Govt Releases Reform Proposals for Disability Employment Services
2 November 2016 at 4:35 pm
The federal government has released reform proposals for Australia’s disability employment services (DES) which are set to begin in 2018, calling for public feedback from people with disability, employment service providers and employers of people with disability.
The government has released a discussion paper, New Disability Employment Services From 2018, which outlines specific options for what a new model of DES could look like.
These areas include:
- improving participant choice and control over the services they receive
- generating greater competition between providers
- developing better incentives for providers to service all participants equally
- engaging employers to hire more people with disability.
The paper includes 20 discussion points with questions on what a new model of DES should look like and its design details.
The government said consultations would be supported by the establishment of a Disability Employment Reference Group, which would include representatives from peak bodies representing the interests of people with disability, employers and providers of disability employment services.
Minister for Social Services Christian Porter said potential options for reforms outlined in the discussion paper aimed to increase the number of people with disability finding and keeping a job.
“Only 53 per cent of people with disability are participating in work, compared with 83 per cent of people without disability,” Porter said.
“There are more than 180,000 people receiving DES services, but less than one-third of people who exit DES after a period of support are in work three months later and it is time to look at ways to reform the system to improve lives through greater levels of employment.”
In early 2015, the federal government established the Disability Employment Taskforce to undertake consultations with people with disability, their carers and families, disability advocates, DES providers, disability peak bodies and employers of people with disability to identify areas for reform.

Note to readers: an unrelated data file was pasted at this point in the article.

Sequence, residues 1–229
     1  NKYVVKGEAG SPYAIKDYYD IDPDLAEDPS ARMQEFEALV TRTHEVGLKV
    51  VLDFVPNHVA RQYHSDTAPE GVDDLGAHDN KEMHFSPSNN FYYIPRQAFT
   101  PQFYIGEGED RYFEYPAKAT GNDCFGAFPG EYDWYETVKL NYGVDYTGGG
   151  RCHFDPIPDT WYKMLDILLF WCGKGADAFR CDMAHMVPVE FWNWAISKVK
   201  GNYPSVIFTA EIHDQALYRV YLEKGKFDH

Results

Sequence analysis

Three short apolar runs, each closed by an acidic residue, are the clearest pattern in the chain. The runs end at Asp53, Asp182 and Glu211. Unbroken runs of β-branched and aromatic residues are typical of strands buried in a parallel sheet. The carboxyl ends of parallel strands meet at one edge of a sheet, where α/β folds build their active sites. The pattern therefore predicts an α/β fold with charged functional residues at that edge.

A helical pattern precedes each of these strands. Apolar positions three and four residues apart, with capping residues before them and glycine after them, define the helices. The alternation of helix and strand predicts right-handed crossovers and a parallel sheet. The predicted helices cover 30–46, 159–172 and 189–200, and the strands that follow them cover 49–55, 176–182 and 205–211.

Porter said the discussion paper builds on these findings with specific options aimed at improving employment outcomes for people with disability.
“The government invests around $800 million a year in the DES program and is seeking feedback on the proposals in this paper to inform the new model that will begin in March 2018,” he said.
The discussion paper said the proposed changes to the program were intended to create the circumstances in which more DES providers operate “at the level of current five-star performers to improve employment for people with disability”.
Some of the options being considered by the government include:
- increasing opportunities for successful providers to expand service provision to more DES participants by making it easier for new providers to enter the market and for existing providers to expand into new regions
- removing market share arrangements that prevent good providers from growing and prop up failing providers with guaranteed work
- introducing a new funding model with risk-adjusted outcome payments based on the likelihood of a DES participant achieving an employment outcome
- simplifying regulatory arrangements for providers by introducing a single contract for each provider
- reducing the number of Employment Service Areas so each covers a larger area and eliminating restrictions on participants so they can choose to attend a provider outside their area.
A shift towards more participant-directed service delivery is proposed for DES through: